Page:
Prescribing of zuclopenthixol is on the rise and can now be tracked

The views expressed in this letter are those of the author’s. If you would like to submit a letter to The Pharmaceutical Journal, please click here.

We thank colleagues from Surrey for their case report — ‘Risk of medication errors with zuclopenthixol‘ (The Pharmaceutical Journal online, 13 July 2021) — alerting readers to the risks around the prescribing of zuclopenthixol in primary care.

Data from OpenPrescribing.net suggest this safety issue is substantially more widespread than a single case: we have already written on this topic, and have shared a live interactive prescribing dashboard online, which currently shows 87 zuclopenthixol acetate prescription items prescribed and dispensed in primary care over the past 12 months — an increase from 61 items when we wrote about this issue in October 2019.

We have also created a measure of zuclopenthixol acetate prescribing to alert NHS organisations when potentially inappropriate prescribing may have occurred and easily drill down to individual practices. This currently shows that while the vast majority of clinical commissioning groups (CCGs) have no primary care prescribing of zuclopenthixol acetate in the past six months, 14 of them do. Anyone can check these pages to see if their practice, primary care network (PCN), CCG, sustainability and transformation partnership or region has recently prescribed zuclopenthixol acetate.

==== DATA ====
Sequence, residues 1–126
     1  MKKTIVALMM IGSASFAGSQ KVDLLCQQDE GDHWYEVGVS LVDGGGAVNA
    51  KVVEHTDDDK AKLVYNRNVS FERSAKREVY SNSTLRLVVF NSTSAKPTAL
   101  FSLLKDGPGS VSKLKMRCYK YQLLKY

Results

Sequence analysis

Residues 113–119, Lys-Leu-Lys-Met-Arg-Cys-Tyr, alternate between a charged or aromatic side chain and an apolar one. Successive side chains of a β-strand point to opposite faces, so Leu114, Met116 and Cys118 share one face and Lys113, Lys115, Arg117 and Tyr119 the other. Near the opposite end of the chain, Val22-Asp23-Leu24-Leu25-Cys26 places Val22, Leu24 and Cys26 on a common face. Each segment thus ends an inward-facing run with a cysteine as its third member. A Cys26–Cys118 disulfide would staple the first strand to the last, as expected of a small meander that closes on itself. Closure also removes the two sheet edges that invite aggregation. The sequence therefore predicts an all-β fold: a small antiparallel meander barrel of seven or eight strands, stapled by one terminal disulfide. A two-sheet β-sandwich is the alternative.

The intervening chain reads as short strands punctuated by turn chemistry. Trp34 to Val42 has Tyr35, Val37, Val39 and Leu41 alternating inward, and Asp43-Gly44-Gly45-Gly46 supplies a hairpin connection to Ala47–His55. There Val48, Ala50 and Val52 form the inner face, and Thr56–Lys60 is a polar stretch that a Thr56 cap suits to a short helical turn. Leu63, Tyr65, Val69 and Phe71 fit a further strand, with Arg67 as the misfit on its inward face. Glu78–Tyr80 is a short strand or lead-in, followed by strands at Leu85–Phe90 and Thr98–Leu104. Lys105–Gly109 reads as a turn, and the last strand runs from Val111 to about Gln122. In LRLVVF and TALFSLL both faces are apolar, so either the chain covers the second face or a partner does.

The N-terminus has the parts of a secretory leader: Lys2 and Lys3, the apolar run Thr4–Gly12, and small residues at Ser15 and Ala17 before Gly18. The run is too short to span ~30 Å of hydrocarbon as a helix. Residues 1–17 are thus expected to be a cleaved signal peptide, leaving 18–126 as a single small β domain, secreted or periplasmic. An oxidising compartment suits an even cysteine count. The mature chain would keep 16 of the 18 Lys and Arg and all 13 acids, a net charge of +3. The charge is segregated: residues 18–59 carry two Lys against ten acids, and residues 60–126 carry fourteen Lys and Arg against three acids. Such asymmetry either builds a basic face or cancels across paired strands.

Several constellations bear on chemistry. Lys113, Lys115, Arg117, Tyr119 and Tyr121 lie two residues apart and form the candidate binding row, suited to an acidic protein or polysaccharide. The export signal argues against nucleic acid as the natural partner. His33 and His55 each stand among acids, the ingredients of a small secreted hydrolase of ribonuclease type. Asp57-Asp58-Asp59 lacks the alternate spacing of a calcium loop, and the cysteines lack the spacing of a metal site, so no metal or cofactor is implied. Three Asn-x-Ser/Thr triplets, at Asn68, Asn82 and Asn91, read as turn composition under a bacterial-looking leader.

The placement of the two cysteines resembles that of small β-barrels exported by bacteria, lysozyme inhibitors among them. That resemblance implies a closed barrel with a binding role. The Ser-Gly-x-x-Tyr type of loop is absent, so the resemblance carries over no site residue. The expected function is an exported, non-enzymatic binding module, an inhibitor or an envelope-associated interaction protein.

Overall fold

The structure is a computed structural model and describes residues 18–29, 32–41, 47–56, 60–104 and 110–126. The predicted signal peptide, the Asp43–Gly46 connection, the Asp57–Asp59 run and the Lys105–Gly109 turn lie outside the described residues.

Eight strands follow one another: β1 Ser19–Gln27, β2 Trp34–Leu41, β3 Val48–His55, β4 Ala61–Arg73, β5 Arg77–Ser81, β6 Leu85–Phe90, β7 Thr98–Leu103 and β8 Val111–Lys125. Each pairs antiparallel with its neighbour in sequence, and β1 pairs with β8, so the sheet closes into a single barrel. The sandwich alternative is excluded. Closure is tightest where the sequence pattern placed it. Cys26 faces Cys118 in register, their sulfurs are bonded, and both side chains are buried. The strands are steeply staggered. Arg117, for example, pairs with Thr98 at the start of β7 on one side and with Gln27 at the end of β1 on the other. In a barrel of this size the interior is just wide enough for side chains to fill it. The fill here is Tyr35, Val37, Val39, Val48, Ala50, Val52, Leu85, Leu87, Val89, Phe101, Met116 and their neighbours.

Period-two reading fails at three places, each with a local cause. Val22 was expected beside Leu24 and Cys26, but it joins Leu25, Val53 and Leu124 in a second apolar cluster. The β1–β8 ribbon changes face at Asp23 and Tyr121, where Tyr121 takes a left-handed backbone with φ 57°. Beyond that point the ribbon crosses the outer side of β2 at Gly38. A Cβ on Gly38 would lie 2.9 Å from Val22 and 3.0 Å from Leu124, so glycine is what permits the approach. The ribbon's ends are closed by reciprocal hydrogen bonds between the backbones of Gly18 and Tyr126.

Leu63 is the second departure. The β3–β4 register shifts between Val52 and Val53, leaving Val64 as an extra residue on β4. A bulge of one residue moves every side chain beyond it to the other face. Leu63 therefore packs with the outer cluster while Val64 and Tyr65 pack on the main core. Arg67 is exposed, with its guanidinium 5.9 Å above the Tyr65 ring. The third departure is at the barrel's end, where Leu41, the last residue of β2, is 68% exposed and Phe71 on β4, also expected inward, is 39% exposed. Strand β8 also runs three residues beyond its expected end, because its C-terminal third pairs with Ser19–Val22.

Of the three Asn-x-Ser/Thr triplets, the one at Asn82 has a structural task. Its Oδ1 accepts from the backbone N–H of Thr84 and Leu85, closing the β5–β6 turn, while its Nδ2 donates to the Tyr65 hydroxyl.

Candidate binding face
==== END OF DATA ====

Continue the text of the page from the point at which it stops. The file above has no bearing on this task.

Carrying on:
OpenPrescribing is a widely used open source tool, with more than 180,000 unique users in the past year. It allows any interested user to see detailed interactive prescribing data in each individual GP practice, CCG or PCN. In 2019, Walker et al. published evidence showing that OpenPrescribing users go on to improve their prescribing. Anyone can sign up to OpenPrescribing email alerts covering their practice or area, and be promptly alerted to any zuclopenthixol acetate prescribing in their organisations on a monthly basis, alongside other measures of prescribing quality, safety and effectiveness. Given the importance of this safety issue, and others, we strongly encourage readers to do so.

Brian MacKenna, Helen J Curtis, Richard Croker, Orla MacDonald, Seb Bacon, Peter Inglesby and Ben Goldacre, The DataLab, Nuffield Department of Primary Care Health Sciences, University of Oxford

Last updated